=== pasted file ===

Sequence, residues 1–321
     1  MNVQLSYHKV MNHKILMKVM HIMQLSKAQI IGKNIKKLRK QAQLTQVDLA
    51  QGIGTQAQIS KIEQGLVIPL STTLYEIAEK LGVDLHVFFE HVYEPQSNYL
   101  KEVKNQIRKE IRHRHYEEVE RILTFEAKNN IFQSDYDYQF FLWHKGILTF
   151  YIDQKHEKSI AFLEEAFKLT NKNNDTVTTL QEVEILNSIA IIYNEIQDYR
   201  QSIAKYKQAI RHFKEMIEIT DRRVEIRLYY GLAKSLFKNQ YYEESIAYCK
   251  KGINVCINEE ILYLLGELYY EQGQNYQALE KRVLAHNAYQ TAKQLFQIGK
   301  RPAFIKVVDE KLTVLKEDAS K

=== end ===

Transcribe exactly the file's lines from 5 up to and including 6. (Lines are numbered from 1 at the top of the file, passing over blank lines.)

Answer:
   151  YIDQKHEKSI AFLEEAFKLT NKNNDTVTTL QEVEILNSIA IIYNEIQDYR
   201  QSIAKYKQAI RHFKEMIEIT DRRVEIRLYY GLAKSLFKNQ YYEESIAYCK